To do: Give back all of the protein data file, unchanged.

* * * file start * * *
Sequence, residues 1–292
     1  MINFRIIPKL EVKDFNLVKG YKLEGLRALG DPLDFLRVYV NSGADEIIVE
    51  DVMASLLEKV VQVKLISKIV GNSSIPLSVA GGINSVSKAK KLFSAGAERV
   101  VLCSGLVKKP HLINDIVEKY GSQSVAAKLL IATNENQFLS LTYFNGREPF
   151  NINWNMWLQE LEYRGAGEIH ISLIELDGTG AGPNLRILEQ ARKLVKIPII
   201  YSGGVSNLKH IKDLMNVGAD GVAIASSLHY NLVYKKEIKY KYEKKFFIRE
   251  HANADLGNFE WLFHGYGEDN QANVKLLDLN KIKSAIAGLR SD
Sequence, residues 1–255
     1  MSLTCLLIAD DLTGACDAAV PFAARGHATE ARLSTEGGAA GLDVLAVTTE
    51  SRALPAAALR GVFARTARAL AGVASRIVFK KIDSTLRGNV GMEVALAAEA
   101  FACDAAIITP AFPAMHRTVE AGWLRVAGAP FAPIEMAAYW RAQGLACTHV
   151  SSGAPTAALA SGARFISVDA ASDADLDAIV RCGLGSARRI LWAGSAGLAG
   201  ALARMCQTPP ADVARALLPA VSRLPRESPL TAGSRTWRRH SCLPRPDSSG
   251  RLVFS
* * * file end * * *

Sequence, residues 1–292
     1  MINFRIIPKL EVKDFNLVKG YKLEGLRALG DPLDFLRVYV NSGADEIIVE
    51  DVMASLLEKV VQVKLISKIV GNSSIPLSVA GGINSVSKAK KLFSAGAERV
   101  VLCSGLVKKP HLINDIVEKY GSQSVAAKLL IATNENQFLS LTYFNGREPF
   151  NINWNMWLQE LEYRGAGEIH ISLIELDGTG AGPNLRILEQ ARKLVKIPII
   201  YSGGVSNLKH IKDLMNVGAD GVAIASSLHY NLVYKKEIKY KYEKKFFIRE
   251  HANADLGNFE WLFHGYGEDN QANVKLLDLN KIKSAIAGLR SD
Sequence, residues 1–255
     1  MSLTCLLIAD DLTGACDAAV PFAARGHATE ARLSTEGGAA GLDVLAVTTE
    51  SRALPAAALR GVFARTARAL AGVASRIVFK KIDSTLRGNV GMEVALAAEA
   101  FACDAAIITP AFPAMHRTVE AGWLRVAGAP FAPIEMAAYW RAQGLACTHV
   151  SSGAPTAALA SGARFISVDA ASDADLDAIV RCGLGSARRI LWAGSAGLAG
   201  ALARMCQTPP ADVARALLPA VSRLPRESPL TAGSRTWRRH SCLPRPDSSG
   251  RLVFS